Cambridge Quantum Computing has partnered with the German Aerospace Centre (DLR) to explore how quantum computing could help develop the techniques and methods required to build better, more efficient and powerful batteries to transform future energy utilisation.
DLR, the national aeronautics and space research centre of the Federal Republic of Germany, will use CQC’s quantum machine learning algorithms to create multi-scale simulations of a whole battery cell on a quantum computer.
The simulation of a battery requires modelling of a battery cell at different scales – the atomical, molecular and macroscopic. This partnership will explore multi-scale simulations, which are considered a viable alternative for rendering full 3D models.
This will help to simulate different materials and fuel cell types and evidence how even the smallest of changes to the material, structure and build of a battery impacts its performance.
Increasing the power, storage and efficiency of batteries has huge potential to revolutionise global industries, from enabling a greater shift to greener energy solutions, to eventually reducing our reliance on lithium, which experts estimate may run out by 2025.
Improving battery cells has an important role to play in mobile and portable application, such as smartphones, wearable electronic devices, and electric cars, as well as in decentralised solar storage and frequency stabilisation of the energy grid. Battery research could also eventually reduce the industry’s reliance on lithium – the aterial used in commercial batteries.
DLR has previously used classical computer modelling to research a range of different battery types, including lithium ion and beyond-lithium technologies.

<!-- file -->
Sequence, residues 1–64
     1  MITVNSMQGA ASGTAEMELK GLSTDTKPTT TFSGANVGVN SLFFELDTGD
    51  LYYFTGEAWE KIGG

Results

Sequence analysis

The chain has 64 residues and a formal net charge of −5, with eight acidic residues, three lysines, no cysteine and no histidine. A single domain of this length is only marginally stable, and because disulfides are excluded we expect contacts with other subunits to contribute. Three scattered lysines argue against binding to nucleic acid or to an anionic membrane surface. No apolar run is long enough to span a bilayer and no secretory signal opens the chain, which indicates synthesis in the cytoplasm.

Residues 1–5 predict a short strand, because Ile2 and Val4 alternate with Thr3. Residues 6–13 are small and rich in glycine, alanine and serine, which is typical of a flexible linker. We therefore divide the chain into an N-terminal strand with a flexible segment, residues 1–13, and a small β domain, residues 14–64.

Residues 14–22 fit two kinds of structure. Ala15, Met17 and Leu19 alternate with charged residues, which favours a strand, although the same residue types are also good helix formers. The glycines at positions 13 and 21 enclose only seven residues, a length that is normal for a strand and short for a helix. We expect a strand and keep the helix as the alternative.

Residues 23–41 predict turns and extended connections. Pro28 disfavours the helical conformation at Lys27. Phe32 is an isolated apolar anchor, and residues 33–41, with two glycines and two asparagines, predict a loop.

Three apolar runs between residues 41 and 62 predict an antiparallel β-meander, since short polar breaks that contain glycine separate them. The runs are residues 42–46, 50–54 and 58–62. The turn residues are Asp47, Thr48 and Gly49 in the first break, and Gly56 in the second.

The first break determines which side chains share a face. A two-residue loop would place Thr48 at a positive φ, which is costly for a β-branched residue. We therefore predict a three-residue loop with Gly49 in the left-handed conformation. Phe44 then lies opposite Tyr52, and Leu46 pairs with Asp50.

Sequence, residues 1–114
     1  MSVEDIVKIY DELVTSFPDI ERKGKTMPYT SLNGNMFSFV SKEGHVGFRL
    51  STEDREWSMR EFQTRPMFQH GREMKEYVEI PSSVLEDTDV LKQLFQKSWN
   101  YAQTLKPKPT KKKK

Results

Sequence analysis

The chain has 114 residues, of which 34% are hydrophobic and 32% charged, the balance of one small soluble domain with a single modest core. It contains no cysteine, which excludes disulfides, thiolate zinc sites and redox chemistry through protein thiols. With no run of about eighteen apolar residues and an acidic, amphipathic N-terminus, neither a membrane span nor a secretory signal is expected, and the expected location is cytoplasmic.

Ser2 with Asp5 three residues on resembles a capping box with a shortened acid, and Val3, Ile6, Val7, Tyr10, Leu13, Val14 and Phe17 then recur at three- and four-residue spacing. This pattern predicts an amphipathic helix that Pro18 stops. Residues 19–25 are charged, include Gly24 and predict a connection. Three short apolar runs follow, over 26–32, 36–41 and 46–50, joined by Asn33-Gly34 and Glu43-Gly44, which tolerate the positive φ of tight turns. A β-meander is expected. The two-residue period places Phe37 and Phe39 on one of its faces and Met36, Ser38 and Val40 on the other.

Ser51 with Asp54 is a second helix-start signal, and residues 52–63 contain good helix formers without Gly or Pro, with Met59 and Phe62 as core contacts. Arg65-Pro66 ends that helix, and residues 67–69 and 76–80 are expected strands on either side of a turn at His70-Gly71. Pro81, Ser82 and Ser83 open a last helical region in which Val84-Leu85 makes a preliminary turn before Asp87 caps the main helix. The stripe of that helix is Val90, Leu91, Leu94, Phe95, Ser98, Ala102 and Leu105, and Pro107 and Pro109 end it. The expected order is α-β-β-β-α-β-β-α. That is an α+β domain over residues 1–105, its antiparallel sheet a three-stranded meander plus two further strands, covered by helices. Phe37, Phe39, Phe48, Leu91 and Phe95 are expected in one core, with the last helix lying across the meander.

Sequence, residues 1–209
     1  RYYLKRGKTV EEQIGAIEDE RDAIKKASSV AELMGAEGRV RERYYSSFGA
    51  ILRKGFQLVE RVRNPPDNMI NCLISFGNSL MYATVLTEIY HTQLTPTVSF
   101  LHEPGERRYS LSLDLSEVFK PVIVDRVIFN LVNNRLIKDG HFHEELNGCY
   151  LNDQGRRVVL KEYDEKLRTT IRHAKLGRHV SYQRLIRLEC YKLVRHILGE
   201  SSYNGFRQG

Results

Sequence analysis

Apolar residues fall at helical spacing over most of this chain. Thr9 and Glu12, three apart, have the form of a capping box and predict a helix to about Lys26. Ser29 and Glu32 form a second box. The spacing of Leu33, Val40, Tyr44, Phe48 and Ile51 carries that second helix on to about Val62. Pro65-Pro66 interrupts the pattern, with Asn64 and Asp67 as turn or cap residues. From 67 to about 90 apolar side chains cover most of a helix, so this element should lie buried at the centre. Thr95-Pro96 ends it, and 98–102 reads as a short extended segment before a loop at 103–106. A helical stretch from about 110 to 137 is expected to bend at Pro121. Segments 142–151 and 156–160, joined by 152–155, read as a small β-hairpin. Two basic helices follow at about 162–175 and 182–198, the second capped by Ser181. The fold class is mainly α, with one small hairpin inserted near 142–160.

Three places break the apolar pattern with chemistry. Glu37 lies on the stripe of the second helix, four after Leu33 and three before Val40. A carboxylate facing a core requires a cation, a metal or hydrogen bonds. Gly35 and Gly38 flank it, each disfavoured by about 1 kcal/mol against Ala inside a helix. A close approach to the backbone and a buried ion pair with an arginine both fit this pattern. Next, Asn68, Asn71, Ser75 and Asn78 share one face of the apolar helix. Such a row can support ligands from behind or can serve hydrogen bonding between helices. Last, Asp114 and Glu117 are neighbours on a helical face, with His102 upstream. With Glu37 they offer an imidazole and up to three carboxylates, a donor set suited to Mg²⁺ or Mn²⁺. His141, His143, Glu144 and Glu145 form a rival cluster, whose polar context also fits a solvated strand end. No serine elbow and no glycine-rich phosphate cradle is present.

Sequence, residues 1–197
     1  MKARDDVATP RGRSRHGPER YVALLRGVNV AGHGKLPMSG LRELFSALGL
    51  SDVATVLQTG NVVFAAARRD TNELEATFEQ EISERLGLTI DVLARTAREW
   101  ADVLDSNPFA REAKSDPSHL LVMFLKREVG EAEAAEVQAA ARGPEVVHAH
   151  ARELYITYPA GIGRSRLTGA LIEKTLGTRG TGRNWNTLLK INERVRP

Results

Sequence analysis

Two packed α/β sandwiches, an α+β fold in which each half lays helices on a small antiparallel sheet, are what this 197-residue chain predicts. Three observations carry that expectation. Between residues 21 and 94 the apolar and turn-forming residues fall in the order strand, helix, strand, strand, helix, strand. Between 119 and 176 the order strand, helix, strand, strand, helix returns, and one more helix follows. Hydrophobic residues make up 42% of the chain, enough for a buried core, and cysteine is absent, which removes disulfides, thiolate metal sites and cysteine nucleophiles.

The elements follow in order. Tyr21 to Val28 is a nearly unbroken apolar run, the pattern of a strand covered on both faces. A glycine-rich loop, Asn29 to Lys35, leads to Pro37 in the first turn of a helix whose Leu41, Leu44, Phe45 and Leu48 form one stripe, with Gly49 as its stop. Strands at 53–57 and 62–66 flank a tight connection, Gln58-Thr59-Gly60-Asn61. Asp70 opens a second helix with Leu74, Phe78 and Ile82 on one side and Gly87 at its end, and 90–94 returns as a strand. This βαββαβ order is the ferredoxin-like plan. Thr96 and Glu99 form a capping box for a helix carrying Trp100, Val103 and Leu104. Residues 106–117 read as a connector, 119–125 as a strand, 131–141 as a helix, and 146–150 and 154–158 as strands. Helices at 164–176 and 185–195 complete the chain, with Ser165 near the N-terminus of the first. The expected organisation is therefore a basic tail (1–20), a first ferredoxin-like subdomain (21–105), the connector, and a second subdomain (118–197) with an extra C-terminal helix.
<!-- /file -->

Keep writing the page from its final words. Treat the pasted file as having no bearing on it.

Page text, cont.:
This is one of the earliest works combining partial differential equation models for battery simulation and near-term quantum computing. Using CQC’s software development framework for execution on NISQ (Noisy Intermediate-Scale Quantum) computers, DLR will render its quantum simulations on an IBM Q quantum computer.
DLR is the Federal Republic of Germany’s research centre for aeronautics and space. It uses the expertise of its 55 research institutes and facilities to develop solutions to global challenges, climate, mobility and technology.
The DLR Institute of Engineering Thermodynamics performs research in the field of efficient energy storage systems that conserve natural resources and next generation energy conversion technologies with a staff of 180 scientific and technical employees, engineers and doctoral candidates.
The spectrum of activities ranges from theoretical studies to laboratory work for fundamental research and to the operation of pilot plants. At the Helmholtz Institute Ulm (HIU) the department of Computational Electrochemistry is working on theory-based material, electrode, and cell design for batteries.
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